Why do we call this new specialty Elder Law? Not all of our clients are elders. Many of our older clients avoid the term, or are put off by it. Can't we come up with a better term?
"Elder law" was chosen by a group of about 35 lawyers who met several times in the mid-1980s. At first it was an informal group, coalescing around American Bar Association meetings once or twice a year. Eventually it became the core of the National Academy of Elder Law Attorneys when one of those leaders -- Tim Nay of Portland, Oregon -- told the others "I'm tired of talking about starting a club. I've incorporated and I'll be the first President." (I wasn't there, and I'm paraphrasing what I've been told.)
But that gets ahead of the story. How did they settle on "elder law?"
The early NAELA founders discussed a number of other options. "Senior law" seemed to have the same problems as "elder law." "Public benefits law" was thought too limiting, since members then (and now) practiced guardianship, estate planning, probate and trust administration, and even age discrimination and litigation.
As I have heard the story, no one liked "elder law," but no one could come up with a better term. And so the specialty got its name, and now we are largely stuck with it.
(The name of this blog -- "GeriLaw" -- is a bit of an inside joke and a play on "elder law." At a meeting several years ago one of elder law's leading figures, Tom Begley, Jr., of Morristown, New Jersey, blurted out "maybe one day we'll all be practicing gerilaw." I have always had a combined reverence and fondness for Tom's pronouncements, and so I promptly secured most of the versions of GeriLaw domain names and started up this blog. Now if only I could get the term to catch on. But enough about me.)
Over the years we (elder law practitioners) have become both more focused and more generalized. Many lawyers who call themselves "elder law" practitioners now focus heavily, even exclusively, on younger persons with disabilities and the special needs planning necessary to secure government services for them in the face of family wealth or even personal injury lawsuit settlements. Changes in state and federal Medicaid rules have made the practice of public benefits law less attractive to many, even as sharply higher estate tax limits have caused many traditional estate planning attorneys to refocus themselves in "elder law" practices. The previous emphasis on Medicaid planning has diminished somewhat, with increased attention paid to not only special needs but also trust and estate administration.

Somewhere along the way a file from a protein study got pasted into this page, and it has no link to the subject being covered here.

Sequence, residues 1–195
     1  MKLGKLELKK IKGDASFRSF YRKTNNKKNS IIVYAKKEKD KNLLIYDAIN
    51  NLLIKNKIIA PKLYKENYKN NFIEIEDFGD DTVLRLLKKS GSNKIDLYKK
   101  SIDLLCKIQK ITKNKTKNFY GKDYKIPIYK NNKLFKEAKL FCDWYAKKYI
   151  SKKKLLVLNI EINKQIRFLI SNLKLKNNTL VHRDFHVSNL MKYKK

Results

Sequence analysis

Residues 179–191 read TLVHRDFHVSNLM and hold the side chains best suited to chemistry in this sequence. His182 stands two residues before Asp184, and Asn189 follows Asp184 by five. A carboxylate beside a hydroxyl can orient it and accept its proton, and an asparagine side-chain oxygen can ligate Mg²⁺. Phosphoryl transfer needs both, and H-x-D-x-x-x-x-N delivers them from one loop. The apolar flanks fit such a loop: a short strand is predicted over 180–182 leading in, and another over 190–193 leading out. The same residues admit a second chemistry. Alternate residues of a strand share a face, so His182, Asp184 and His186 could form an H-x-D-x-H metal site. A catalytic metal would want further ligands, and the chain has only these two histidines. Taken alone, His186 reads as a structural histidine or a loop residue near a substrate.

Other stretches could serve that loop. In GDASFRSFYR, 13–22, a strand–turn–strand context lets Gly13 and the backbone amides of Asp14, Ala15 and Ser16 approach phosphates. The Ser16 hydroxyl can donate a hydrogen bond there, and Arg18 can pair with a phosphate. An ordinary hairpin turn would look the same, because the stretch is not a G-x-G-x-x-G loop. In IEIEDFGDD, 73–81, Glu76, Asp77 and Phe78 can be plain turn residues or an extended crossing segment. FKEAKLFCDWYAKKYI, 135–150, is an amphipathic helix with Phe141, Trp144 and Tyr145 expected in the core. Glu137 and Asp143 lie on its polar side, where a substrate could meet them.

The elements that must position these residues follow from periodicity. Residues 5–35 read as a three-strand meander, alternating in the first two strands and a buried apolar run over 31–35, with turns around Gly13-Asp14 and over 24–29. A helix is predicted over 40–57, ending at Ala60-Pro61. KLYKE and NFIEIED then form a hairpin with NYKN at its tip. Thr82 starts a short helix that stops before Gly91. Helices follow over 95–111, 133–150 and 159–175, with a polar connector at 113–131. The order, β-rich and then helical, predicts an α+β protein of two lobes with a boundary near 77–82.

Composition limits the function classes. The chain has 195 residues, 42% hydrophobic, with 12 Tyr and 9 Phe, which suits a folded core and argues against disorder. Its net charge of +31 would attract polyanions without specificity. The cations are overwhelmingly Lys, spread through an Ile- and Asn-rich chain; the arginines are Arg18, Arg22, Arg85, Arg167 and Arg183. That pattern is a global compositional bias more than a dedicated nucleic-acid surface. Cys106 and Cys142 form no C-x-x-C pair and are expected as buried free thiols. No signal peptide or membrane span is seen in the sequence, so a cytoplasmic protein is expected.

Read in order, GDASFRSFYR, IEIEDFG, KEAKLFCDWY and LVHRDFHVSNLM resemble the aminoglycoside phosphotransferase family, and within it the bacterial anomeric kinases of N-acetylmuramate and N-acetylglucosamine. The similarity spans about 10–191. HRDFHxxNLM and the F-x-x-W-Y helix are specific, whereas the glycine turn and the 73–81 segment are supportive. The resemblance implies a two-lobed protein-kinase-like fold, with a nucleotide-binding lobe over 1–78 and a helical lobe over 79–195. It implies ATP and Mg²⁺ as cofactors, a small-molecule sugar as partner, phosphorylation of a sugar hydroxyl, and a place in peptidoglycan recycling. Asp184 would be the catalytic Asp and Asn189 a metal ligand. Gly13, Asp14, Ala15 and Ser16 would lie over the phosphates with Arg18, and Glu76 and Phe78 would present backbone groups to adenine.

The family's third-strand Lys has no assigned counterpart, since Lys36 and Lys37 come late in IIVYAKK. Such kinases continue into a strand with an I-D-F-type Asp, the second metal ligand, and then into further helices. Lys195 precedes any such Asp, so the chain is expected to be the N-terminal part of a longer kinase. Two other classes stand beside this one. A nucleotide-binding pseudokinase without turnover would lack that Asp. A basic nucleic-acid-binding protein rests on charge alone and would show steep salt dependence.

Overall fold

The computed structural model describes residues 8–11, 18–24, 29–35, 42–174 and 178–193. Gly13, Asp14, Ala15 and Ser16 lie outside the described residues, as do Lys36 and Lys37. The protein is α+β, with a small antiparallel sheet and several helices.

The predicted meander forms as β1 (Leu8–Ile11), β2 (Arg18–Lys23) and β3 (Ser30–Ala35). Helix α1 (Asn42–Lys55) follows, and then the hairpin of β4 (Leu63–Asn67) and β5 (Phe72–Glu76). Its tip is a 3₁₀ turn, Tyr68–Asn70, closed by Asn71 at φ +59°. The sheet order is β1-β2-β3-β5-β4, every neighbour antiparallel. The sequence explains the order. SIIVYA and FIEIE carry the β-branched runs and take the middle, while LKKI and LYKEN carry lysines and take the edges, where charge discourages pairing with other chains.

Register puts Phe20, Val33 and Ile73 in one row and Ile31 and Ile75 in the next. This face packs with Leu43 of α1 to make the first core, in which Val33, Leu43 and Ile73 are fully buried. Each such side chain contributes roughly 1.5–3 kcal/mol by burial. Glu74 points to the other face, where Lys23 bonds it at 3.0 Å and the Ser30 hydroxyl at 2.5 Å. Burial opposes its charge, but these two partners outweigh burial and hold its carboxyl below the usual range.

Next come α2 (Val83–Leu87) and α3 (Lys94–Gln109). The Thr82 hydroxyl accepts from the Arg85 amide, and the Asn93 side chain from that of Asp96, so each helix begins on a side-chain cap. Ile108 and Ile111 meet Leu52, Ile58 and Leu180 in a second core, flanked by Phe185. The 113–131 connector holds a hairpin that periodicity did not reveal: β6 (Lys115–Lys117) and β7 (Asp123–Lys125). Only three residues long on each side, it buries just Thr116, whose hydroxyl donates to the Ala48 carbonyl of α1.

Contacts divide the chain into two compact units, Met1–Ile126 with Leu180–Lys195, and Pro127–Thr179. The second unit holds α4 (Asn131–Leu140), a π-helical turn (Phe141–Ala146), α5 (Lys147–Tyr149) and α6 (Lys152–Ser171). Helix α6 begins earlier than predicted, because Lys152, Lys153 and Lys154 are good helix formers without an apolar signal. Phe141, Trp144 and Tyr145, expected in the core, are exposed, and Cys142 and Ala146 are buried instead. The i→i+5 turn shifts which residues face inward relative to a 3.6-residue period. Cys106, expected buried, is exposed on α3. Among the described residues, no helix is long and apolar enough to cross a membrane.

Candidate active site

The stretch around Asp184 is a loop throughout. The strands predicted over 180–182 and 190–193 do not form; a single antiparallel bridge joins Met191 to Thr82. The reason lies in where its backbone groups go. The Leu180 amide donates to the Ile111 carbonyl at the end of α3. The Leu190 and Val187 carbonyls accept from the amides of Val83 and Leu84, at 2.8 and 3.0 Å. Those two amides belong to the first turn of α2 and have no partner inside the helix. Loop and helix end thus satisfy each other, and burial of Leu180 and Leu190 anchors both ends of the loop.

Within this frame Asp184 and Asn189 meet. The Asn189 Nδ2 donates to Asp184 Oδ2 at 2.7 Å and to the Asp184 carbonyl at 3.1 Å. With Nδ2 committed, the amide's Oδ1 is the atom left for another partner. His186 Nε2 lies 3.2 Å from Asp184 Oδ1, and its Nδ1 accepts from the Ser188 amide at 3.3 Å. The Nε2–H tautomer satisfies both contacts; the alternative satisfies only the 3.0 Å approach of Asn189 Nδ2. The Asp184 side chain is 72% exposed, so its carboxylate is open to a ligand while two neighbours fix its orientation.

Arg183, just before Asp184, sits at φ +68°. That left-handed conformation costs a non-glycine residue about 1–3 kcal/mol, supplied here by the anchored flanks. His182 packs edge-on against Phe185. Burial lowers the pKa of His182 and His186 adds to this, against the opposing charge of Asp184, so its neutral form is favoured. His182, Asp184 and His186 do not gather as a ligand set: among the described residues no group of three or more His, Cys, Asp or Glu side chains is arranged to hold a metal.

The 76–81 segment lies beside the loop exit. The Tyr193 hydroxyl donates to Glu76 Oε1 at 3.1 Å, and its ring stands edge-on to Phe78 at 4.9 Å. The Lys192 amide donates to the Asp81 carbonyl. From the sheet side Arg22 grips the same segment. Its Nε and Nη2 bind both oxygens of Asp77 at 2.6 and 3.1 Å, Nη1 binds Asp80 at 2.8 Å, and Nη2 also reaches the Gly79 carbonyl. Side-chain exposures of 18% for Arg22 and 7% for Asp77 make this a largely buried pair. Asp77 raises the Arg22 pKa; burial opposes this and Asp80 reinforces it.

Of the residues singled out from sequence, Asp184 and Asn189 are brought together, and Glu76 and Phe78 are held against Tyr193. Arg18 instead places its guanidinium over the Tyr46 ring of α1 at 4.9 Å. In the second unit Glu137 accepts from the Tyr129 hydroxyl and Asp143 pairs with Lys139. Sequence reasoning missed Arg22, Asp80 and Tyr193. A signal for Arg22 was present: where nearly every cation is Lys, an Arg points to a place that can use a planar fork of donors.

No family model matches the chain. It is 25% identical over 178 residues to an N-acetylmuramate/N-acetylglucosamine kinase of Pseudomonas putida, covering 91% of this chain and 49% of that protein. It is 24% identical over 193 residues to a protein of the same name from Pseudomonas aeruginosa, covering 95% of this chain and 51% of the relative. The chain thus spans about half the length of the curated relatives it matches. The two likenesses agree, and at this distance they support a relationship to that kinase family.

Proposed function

What do all of those practice areas have to do with "elders"? Not necessarily very much. It is true that more seniors than youngsters are troubled by Medicaid eligibility problems (and confusion). It is also true that seniors are more likely than their juniors to be subjected to guardianship and conservatorship proceedings, and of course probate proceedings (and estate planning to avoid probate or tax complications) are more the province of elders.
But for most of us, our client population is actually getting younger -- or at least younger compared to both the national median age and the median age of elder law practitioners. We are not yet at the level that most of our clients "get" internet in-jokes, but clients are not exclusively -- and often not even predominantly -- "elders."
So what should we call this type of law practice? You tell us. If the public decides "gerilaw" (modeled, of course, on "geriatrics" in medicine) is a good alternative, then I'm personally set. Otherwise, please let me know quickly enough so that I can lock down all the relevant domains.
Robert B. Fleming
Fleming & Curti, PLC